Written by Margaret Brown.
You can download the PDF of this resource here.
Forgiving is never easy. When we, or those near to us, have been hurt, then it can be very hard.
And this is just as true of forgiving ourselves as it is of forgiving others.
So why do it? Here are four reasons:
1. Refusing to forgive acts like an untreated cancer. The anger and hurt can grow, often unnoticed, until they affect our other relationships, our work, our health. When we choose to start to forgive, and to stop the past controlling us, the first person to be set free is ourselves.
2. We are made and designed for good relationships. Every time we refuse to forgive, we fail to live up to our full human potential.
3. As humans we all do wrong, and we all need forgiveness. None of us is perfect.
4. Above all, this is the model Christ shows us: `Forgive each other, just as in Christ God forgave you... For if you forgive men when they sin against you, your heavenly Father will also forgive you` (Eph 4:32, Matt 6:14).
What is Forgiveness?
Forgiveness is releasing the person who has injured you from the debt they owe you, and choosing to accept the pain, and to no longer be angry.
It is not saying ‘It’s OK. It doesn’t matter’
When there is hurt and injury in a relationship, this does matter! To say ‘It doesn’t matter’ is both untrue and belittles the relationship. This is not forgiveness. The sins Jesus forgave through the cross mattered enormously. And the fact that he forgave them didn’t mean that the pain or consequences they caused had ended; because of those sins, our world is still wrecked. Christ’s forgiveness is forgiveness of people who don’t deserve it (Rom 5:8).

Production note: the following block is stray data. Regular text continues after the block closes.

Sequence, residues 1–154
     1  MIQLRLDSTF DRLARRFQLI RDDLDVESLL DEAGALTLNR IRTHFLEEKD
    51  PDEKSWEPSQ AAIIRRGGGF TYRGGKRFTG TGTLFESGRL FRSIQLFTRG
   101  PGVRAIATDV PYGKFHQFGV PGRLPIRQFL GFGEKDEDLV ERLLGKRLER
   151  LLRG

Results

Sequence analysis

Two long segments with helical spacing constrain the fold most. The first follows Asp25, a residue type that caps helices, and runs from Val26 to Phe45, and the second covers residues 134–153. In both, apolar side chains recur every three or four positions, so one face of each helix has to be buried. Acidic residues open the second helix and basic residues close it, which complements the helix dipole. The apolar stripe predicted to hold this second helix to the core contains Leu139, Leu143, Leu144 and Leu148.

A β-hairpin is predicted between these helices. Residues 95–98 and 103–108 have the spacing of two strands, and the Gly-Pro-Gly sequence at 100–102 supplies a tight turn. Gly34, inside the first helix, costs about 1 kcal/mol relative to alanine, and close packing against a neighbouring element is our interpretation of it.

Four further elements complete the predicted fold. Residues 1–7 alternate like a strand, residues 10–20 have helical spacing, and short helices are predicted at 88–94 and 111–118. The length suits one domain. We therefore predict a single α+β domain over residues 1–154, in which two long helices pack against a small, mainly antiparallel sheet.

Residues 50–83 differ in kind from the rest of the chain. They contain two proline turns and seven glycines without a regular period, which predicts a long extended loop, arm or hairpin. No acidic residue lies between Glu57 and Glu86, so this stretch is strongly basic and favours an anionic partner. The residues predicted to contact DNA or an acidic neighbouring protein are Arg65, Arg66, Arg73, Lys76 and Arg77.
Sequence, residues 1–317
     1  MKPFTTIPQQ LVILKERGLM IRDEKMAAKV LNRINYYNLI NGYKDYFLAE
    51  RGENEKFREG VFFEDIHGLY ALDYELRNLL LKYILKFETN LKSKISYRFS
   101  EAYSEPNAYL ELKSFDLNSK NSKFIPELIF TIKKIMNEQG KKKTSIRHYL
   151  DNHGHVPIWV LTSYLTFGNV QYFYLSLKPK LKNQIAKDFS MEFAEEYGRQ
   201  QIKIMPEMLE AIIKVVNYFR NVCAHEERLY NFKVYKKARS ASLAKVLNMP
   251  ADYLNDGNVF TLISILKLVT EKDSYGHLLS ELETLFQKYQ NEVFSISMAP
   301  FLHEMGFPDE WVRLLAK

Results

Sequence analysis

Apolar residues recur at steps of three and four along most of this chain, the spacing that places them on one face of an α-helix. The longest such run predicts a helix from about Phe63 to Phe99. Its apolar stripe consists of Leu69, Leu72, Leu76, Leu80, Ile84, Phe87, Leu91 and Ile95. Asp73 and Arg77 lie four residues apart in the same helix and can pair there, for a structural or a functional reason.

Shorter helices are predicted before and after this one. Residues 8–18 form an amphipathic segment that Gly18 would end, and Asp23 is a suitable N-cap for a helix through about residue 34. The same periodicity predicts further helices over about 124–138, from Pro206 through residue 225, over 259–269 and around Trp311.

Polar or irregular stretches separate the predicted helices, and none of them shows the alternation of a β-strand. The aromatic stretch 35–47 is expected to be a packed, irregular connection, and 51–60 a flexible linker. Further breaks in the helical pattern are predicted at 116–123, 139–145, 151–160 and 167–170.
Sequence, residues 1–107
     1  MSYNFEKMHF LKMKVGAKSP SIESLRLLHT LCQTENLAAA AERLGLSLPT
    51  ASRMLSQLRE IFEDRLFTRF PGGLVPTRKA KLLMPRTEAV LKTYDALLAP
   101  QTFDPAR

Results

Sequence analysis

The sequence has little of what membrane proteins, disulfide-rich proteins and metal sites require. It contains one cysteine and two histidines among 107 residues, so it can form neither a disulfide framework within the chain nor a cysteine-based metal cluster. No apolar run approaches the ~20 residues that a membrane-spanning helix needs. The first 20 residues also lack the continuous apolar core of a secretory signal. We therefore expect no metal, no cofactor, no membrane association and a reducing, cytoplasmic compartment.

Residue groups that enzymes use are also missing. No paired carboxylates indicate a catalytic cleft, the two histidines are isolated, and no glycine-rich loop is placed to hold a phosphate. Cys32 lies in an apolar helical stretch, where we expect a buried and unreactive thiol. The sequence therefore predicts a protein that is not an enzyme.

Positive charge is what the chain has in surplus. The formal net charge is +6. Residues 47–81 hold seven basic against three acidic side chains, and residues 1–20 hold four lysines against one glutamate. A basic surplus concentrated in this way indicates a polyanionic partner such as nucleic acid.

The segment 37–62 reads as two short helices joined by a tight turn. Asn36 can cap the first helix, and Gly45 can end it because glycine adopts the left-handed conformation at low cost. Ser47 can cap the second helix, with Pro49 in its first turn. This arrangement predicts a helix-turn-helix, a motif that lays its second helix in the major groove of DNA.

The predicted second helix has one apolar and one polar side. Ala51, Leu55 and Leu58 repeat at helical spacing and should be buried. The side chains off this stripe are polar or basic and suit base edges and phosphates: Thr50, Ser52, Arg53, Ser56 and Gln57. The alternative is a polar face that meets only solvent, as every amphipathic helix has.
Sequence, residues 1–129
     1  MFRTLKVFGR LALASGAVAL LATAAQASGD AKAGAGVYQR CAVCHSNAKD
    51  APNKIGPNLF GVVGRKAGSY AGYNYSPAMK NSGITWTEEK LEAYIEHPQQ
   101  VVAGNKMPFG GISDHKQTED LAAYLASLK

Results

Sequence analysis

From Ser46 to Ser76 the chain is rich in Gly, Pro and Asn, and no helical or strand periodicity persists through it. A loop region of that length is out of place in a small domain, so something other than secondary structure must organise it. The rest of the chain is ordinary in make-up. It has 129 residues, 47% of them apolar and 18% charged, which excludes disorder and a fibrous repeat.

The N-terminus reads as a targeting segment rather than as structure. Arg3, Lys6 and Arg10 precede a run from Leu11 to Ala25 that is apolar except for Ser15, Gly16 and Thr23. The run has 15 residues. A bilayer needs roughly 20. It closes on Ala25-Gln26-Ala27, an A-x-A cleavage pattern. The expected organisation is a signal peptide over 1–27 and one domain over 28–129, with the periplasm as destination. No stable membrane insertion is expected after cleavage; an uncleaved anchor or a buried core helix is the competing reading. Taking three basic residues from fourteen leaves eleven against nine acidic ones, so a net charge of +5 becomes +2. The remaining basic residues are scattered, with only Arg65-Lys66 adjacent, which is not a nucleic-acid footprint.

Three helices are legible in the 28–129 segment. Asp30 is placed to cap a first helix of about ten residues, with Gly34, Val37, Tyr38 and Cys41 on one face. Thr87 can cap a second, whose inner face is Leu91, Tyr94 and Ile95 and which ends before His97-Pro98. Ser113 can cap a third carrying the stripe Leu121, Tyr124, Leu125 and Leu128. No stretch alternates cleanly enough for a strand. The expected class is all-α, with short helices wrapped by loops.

It is not saying ‘You couldn’t help it. It wasn’t your fault’.
However, where genuinely it was not the other person’s fault, then acknowledging this is helpful. There is then nothing to actually forgive, although any hurt and injury still needs to be dealt with.
But surely some people should never be forgiven?
To forgive is not to excuse or condone. In fact forgiveness recognizes right and wrong, blame and responsibility. The more pain and injury you have suffered, the harder it will be to forgive; but the suggestions set out in ‘Why forgive’ still stand true.
Seven Steps of Forgiveness
1. Recognise what you are feeling.
The first step is to own up to how you really feel about what has happened. You may feel angry, sad, rejected, or a whole mixture. Don’t bury and ignore those feelings. Face them and accept them. Perhaps write them, paint them or draw them. They are a part of you, however much you may wish that they were not. It’s OK to have feelings. “Forgiveness does not come by forgetting, but by remembering.”
2. Find out why you feel as you do.
Who really did and said what? Are some of your feelings of anger and pain really due to your own insecurities and deeper hurts? Try writing down some statements such as: “I felt ………………… (angry/sad etc.), when you said/did ………………, because it …….. (made me feel insignificant etc).”